Graduate Studies Faculty
Molly F. Kulesz-Martin, Ph.D.
Programs:Cell & Developmental Biology
Program in Molecular & Cellular Biosciences
Research Interests:carcinogenesis p53, p73, p63 keratinocyte apoptosis epithelial solid tumors Trim32 E3 ligase molecular targets skin homeostasis psoriasis » Click here for more about Dr. Kulesz-Martin's research » PubMed Listing
Preceptor RotationsDr. Kulesz-Martin has not indicated availability for preceptor rotations at this time.
Faculty MentorshipDr. Kulesz-Martin has not indicated availability as a mentor at this time.
Epithelial cell homeostasis and carcinogenesis and novel targets for molecular therapy
Understanding oncogenic pathways in multistage carcinogenesis and translating knowledge from mouse in vitro and in vivo models to human cancer are essential to providing new prognostics and molecular therapy of epithelial cancers, the most prevalent types of human cancer. We developed mouse epithelial cell carcinogenesis lineages encompassing cell clones at various stages of tumor development from normal, initiated and benign, to malignant and metastatic tumorigenic derivatives for studies of mechanisms of inactivation of tumor suppressor and cell cycle regulatory pathways in tumors. We are also investigating the development of the skin hyperproliferative disorder psoriasis, and how skin cell survival and skin inflammation processes contribute to this disease and promise new treatments. Our studies are likely to impact not only psoriasis but also other human diseases of the skin, as well as inflammatory diseases in other organs of the body.
RING domain protein Trim32
The Trim32 gene cloned in our laboratory from mouse pre-cancer cells and SCC belongs to a large family that includes RING domain-containing E-3 ubiquitin- and sumo- ligases such as PML and other proteins involved in human developmental disorders and cancers. We found that Trim32 is an E-3 ligase activated under stress that confers cell survival. Transgenic and knock-out mice, Trim32 mutants and yeast two hybrid systems are providing clues about Trim32 substrate proteins, including members of the Pias family of E-3 sumo-ligases and the p53 family, the role of Trim32 activation in cancer and inactivating mutation in human muscular dystrophy type 2H.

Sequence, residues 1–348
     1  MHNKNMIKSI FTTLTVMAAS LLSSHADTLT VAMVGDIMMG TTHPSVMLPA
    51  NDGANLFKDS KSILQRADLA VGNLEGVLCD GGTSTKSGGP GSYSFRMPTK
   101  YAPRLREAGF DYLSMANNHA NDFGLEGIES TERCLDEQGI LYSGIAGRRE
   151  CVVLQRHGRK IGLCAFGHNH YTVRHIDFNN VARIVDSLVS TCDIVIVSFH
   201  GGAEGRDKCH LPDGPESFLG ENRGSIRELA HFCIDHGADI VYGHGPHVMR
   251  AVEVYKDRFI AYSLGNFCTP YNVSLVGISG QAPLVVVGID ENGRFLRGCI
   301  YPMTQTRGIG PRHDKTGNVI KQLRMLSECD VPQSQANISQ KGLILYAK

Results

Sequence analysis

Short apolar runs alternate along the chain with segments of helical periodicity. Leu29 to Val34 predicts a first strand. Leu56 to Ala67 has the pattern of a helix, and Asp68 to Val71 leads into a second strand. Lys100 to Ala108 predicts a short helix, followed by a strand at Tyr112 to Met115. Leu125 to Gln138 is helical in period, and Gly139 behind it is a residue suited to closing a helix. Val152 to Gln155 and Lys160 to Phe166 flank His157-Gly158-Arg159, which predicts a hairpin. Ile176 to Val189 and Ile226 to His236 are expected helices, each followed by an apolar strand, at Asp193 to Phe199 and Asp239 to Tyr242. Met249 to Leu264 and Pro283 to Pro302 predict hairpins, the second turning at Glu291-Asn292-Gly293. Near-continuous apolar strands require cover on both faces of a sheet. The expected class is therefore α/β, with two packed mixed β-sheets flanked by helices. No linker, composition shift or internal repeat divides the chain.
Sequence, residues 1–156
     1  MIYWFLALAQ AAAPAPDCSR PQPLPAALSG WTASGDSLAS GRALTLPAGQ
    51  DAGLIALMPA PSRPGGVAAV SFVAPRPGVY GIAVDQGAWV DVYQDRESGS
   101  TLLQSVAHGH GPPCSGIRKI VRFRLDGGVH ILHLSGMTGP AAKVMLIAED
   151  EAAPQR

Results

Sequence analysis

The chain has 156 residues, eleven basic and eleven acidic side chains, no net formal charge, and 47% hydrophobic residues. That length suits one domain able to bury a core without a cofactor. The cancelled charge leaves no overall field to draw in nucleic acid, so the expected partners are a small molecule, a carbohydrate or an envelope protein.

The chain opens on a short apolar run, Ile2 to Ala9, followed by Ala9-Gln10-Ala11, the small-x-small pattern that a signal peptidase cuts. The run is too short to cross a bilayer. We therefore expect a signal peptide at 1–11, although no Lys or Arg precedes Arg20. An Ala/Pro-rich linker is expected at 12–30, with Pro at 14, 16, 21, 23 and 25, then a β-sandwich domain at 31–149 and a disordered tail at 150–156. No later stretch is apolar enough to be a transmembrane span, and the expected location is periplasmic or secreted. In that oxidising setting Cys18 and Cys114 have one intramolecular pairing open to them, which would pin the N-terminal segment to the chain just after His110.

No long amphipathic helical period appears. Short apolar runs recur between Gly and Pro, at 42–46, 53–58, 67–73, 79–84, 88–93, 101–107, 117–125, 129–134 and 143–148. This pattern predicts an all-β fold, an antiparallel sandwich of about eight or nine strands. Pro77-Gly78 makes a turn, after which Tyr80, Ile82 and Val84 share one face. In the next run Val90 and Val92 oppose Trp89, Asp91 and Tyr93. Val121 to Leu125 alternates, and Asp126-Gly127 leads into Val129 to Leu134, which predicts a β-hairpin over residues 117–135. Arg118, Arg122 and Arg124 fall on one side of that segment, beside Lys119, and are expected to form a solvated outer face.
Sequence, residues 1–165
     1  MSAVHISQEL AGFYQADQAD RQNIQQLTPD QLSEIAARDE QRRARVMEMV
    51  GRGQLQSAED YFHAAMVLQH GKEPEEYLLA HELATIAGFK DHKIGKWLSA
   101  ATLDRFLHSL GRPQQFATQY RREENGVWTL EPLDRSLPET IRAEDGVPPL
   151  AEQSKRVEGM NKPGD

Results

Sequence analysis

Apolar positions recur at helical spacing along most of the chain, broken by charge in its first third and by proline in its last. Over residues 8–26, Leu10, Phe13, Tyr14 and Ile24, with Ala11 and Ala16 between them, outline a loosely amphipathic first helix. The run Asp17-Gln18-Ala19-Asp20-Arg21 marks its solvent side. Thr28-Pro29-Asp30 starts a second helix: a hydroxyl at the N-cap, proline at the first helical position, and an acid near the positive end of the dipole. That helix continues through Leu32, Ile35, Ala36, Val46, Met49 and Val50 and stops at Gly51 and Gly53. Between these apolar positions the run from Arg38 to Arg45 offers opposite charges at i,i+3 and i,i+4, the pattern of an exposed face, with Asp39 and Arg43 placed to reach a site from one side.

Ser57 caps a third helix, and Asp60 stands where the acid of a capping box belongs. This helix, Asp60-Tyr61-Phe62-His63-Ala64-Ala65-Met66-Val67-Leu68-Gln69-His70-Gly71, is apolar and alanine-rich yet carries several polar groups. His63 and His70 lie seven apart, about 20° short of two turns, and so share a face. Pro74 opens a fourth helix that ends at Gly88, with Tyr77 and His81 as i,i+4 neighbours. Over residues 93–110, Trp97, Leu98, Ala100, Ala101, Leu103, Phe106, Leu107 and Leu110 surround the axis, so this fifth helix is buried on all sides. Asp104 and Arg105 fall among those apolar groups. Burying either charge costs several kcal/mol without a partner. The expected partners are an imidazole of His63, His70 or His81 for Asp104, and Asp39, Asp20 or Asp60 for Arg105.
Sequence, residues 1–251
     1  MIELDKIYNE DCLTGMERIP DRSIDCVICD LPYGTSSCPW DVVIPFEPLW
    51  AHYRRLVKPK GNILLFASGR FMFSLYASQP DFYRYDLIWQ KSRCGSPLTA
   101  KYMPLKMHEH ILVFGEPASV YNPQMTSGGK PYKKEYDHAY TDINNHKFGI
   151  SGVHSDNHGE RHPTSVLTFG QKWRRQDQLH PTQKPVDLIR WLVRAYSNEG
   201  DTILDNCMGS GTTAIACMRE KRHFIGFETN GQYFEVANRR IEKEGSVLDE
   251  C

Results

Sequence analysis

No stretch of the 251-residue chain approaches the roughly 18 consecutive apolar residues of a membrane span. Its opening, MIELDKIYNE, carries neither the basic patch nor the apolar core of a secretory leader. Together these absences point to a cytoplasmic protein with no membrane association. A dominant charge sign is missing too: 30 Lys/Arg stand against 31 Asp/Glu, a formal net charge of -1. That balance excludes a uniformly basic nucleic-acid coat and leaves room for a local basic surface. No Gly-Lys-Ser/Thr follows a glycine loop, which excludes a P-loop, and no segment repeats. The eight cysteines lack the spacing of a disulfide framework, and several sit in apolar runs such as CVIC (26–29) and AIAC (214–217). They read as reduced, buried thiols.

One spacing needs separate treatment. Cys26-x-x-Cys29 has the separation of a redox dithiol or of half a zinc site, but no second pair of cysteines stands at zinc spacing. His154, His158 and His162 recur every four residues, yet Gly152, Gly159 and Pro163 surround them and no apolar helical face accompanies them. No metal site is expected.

Identification of new cancer genes and targets
The microarray analysis of stages of carcinogenesis in our cloned keratinocyte tumorigenesis model has been extended to 28,000 mouse genes and ESTs. Candidate oncogenes or tumor suppressors that follow the BCR-ABL/Gleevec paradigm of early changes (causes) making the best molecular therapeutic targets are being identified and specifically manipulated (e.g. by viral vectors or siRNA) in order to restore cell death responses in SCC and uncover molecular targets for remission of SCC. A Molecular Profiling Resource of human tissues is facilitating discovery of interactive signaling pathways relevant to human cancers, including melanoma and non-melanoma skin and head and neck cancers.
Trim32 and CCL20 in psoriasis
There is a self perpetuating cycle in psoriasis that disrupts epidermal homeostasis through alterations in keratinocytes (hyperproliferation, parakeratosis) and immunocytes (infiltration and activation). While it is well known that uncontrolled keratinocyte proliferation is largely driven by pro-inflammatory cytokines from the immunocytes, the functional role of keratinocytes in the recruitment and activation of immunocytes is poorly understood. We have discovered intriguing links between Trim32 (an E3 ubiquitin ligase), its substrate Piasy (an E3 SUMO ligase), and psoriasis, and hypothesize that Trim32 and Piasy are part of a positive feedback loop of CCL20 overproduction by keratinocytes and Th17 activation that contributes to the cycle of psoriasis. Initial evidence suggests that Trim32 is not simply a general marker of epidermal hyperplasia because its elevation in psoriasis, recognized as a Th17 disease, is not shared by atopic dermatitis, recognized as a Th2 cell disease, and because upregulation of CCL20 in keratinocytes responds to Th17 but not Th1 or Th2 cytokines. Ultimately, these studies may impact our understanding of the molecular mechanisms of psoriasis as distinct from atopic dermatitis and lead to rational improvement of treatment strategies for psoriasis patients.
Selected recent publications